The Co-operative Republic of Guyana is a sovereign state on the Caribbean coast of South America.

 
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Constitution and government

The constitution and other laws and policies protect freedom of thought, conscience and religion, as well as freedom of expression, assembly and association. There is no state religion.

The law generally protects the right of individuals to choose and change their religion and to interpret religious beliefs for themselves. Members of all religious groups worship freely.

Blasphemous libel

However, the law requires a prison term of one year for a blasphemous libel conviction, with an exemption for religious expression made in “good faith and decent language”. The government does not appear to enforce the law.

Education and children’s rights

There are both public and private religiously-affiliated schools. Parents are free to send their children to the school of their choice.

Freedom of expression, advocacy of humanist values

Freedom of expression and media freedom are guaranteed by the constitution and generally respected in practice. However, opposition party leaders complain that they lack access to state media which dominate broadcasting. In 2009, the Guyana Press Association denounced a government initiative to license media professionals as an attempt to impose control over the profession. Government officials occasionally use libel lawsuits to suppress criticism.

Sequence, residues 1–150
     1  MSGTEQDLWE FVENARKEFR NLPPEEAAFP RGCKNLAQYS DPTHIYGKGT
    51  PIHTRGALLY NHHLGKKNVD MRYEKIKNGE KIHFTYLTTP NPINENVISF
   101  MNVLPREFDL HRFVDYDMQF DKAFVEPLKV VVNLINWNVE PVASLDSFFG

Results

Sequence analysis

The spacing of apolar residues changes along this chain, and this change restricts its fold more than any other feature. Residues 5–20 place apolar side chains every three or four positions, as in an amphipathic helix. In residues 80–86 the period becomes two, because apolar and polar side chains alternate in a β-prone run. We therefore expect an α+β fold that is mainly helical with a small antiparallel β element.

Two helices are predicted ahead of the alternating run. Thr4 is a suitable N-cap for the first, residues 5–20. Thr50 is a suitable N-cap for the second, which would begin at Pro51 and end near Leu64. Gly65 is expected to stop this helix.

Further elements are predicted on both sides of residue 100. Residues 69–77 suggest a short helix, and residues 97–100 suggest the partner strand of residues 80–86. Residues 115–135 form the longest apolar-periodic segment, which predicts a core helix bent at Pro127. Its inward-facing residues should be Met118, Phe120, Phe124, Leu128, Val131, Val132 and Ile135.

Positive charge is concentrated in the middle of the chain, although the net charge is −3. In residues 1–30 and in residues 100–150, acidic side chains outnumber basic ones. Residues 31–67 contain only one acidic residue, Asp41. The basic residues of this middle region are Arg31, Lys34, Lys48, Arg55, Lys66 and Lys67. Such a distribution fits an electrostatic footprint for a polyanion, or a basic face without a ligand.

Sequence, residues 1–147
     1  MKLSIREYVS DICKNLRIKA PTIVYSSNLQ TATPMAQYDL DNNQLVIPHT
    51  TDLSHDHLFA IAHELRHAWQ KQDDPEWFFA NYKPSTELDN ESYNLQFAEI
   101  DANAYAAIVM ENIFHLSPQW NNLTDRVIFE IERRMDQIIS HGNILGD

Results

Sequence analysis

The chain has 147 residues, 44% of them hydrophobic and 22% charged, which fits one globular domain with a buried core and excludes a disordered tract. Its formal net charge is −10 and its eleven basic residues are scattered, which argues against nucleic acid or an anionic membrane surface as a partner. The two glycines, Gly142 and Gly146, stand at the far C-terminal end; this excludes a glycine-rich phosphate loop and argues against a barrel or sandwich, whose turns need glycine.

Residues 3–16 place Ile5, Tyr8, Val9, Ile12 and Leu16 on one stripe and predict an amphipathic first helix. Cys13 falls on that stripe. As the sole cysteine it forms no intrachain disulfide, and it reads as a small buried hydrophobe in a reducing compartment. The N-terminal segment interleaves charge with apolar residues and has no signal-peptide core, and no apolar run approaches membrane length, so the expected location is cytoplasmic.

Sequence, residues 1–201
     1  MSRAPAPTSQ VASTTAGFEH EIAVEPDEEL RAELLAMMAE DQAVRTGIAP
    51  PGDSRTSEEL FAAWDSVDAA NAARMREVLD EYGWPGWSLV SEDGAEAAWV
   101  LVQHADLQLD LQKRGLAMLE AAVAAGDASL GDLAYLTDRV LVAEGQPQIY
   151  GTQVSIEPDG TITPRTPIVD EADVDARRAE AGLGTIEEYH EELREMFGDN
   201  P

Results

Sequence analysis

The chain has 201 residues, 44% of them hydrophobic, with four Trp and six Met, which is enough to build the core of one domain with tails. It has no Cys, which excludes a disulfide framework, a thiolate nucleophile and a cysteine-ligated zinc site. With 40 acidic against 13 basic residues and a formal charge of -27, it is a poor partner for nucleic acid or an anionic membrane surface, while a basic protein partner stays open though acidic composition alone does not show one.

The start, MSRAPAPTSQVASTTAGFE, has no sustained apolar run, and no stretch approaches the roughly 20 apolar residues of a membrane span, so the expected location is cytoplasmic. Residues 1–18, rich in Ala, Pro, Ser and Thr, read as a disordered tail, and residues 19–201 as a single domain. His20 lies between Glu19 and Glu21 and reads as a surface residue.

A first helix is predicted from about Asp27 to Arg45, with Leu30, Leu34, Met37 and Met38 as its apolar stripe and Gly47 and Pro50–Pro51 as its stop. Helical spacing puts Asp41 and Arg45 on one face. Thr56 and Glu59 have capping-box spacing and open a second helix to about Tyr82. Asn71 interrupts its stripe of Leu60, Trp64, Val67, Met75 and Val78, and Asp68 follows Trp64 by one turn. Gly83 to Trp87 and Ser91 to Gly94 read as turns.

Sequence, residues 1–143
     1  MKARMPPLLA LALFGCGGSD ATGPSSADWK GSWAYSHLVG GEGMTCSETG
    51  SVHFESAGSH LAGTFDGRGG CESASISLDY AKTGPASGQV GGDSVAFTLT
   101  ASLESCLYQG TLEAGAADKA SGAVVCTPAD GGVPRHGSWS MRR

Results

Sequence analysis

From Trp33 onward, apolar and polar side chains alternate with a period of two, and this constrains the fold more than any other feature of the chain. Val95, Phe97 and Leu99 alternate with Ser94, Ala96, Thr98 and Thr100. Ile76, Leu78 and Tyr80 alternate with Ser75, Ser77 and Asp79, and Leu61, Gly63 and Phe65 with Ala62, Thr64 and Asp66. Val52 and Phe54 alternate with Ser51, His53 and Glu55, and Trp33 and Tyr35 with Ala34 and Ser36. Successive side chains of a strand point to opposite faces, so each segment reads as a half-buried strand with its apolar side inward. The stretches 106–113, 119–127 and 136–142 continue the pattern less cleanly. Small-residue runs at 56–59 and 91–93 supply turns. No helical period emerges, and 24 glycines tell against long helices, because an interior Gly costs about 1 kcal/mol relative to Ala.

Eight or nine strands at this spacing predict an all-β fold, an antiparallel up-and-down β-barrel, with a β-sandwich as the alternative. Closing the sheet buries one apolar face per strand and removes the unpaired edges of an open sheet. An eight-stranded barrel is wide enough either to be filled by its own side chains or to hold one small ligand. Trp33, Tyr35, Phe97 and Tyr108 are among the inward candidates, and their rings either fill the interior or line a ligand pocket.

The government largely respects freedoms of assembly and association. However, on June 16, 2012, police reportedly shot and killed three men who were part of a political protest against rising electricity prices in the town of Linden. An additional 20 people were injured as a result of the police firing live ammunition and teargas into the crowd of protesters. The subsequent official inquiry eventually issued a report blaming the police for the fatalities, but exonerated the Minister of Home Affairs of responsibility.